Ken Sigurdson predicted that when short term Federal subsidies to the port of Churchill end next year, it will be the next casualty caused by the end of the single-desk CWB. He noted that although the port remains a strategically valuable national resource, it is at risk of losing its economic reason for existence: grain movement.

Sigurdson observed the single-desk CWB was the economic lynch pin which made prairie grain production viable by ensuring the efficient movement and reliable delivery of high quality-assured grain to customers and guaranteeing that farmers received the premiums customers paid. “To get the advantages of the CWB there is no other solution than to reinstate the CWB single-desk selling system” he concluded.

The meeting concluded by unanimously passing the following resolution:

WHEREAS, The loss of the farmer elected, single-desk Canadian Wheat Board has resulted in an increasingly dysfunctional rail system, no grain logistics oversight, a loss of transport efficiency on rail and at sea, reduced grain quality guarantees to other nations, and an overall loss of 6.5 billion dollars in income to farmers over the last two years, which has been devastating to the economy of Western Canada; and

WHEREAS, The ending of the CWB marketing system has resulted in the loss of thousands of jobs across Canada including 460 direct good quality jobs in the heart of Winnipeg and a further 1,834 full-time equivalent jobs that were sustained by the CWB’s administrative expenditures;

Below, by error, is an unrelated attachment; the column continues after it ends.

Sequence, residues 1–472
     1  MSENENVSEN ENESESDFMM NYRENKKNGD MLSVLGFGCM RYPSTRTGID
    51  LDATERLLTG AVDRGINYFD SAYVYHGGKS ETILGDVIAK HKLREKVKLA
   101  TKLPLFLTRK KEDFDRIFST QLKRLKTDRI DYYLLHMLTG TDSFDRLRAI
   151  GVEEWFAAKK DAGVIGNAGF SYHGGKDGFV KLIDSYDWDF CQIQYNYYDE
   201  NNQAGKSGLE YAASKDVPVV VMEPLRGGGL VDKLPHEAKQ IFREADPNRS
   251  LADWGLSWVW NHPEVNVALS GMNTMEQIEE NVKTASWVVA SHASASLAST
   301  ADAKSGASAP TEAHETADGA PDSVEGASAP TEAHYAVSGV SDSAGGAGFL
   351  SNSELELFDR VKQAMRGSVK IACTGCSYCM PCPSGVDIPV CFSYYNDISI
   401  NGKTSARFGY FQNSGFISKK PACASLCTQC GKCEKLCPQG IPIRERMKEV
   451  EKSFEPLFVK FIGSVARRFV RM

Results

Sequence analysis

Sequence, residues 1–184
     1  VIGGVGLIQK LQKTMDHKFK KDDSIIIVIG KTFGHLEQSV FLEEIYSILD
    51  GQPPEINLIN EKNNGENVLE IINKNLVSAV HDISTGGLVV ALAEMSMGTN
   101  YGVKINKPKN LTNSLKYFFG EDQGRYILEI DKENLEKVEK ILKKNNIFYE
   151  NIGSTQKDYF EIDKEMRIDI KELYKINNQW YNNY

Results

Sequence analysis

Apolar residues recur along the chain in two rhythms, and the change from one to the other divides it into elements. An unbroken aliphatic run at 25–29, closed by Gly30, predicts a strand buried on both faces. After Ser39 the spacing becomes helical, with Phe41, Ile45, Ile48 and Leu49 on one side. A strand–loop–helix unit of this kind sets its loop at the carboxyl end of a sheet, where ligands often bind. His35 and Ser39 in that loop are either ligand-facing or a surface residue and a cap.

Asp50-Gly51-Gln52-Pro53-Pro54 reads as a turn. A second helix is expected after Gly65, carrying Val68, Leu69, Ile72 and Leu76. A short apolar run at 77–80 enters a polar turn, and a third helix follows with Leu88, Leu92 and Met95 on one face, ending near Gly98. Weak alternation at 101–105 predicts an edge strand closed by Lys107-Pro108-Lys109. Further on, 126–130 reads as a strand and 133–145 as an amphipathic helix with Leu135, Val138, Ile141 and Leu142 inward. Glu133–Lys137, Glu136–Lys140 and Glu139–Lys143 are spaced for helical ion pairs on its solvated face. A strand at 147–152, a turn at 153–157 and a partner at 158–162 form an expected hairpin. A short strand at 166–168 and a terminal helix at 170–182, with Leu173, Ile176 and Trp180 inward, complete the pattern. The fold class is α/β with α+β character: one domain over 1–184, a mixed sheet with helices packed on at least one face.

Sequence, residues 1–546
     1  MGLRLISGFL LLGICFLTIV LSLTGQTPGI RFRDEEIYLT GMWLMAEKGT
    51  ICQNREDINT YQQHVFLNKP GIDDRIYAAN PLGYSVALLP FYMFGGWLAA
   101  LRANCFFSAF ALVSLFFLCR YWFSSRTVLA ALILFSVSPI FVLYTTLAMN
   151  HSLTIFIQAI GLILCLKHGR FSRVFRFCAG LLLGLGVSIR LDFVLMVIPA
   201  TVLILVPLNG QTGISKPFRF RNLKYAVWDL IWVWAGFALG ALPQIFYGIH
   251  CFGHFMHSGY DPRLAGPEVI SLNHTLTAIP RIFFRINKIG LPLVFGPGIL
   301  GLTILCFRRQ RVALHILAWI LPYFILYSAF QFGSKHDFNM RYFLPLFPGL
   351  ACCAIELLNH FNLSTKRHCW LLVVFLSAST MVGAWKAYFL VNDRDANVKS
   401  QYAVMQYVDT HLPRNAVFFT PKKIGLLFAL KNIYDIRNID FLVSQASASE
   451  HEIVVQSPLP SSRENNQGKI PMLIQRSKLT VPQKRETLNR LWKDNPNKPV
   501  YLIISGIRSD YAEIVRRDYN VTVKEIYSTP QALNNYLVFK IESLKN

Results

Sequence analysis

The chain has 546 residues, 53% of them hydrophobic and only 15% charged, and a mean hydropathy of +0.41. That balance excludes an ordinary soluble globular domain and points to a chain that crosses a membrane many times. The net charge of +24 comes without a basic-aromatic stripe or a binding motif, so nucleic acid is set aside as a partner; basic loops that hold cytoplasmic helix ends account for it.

THEREFORE BE IT RESOLVED, That this meeting supports the farmers of Western Canada by calling for the re-establishment of the Canadian Wheat Board (CWB), and single-desk selling of grain in western Canada.

Walter Kolisnyk chairs meeting

Chairperson Walter Kolisnyk conducts the vote


  1. Could people go to jail over this? It [taking the CWB] does seem like a theft over a certain threshold incident that would dictate that type of a penalty in a society with a decent justice system. I would be a bit nervous attempting a similar caper I know that. It is definitely not a petty crime.

  2. Ian Robson

    The elevator companies that farmers deliver grain to own the grain and resell that grain in many cases to themselves in an other country. Farmers now understand the scale of the mess that Harper and Ritz created by destruction of our CWB.
    Farmers and the Government do need to rebuild our CWB. The CWB existed for the Farmers not for the elevators. The CWB was able to put the elevators on a fixed income thus saving and Earning our Canadian farmers a lot of revenue. We see the vast costs that farmers now pay to elevators as a big loss of farm income.
    It does not matter what you might have thought about the CWB before, it is clear now that without the CWB farmer income is easily taken by grain traders.
    A Public Audit of the CWB destruction by Harper and Ritz is needed.

  3. Harold. Bell

    What percentage of farmers do we need to get this done Personally I know this is worth doing

    • Since it was taken away without a vote and the assets taken without compensation, I would say natural justice demands that it be returned immediately.

  4. Dan Danielson

    Thanks for standing up for farmers with a clear evidence based resolution. All farmers need to take the time to understand why that motion is essential to our economic future.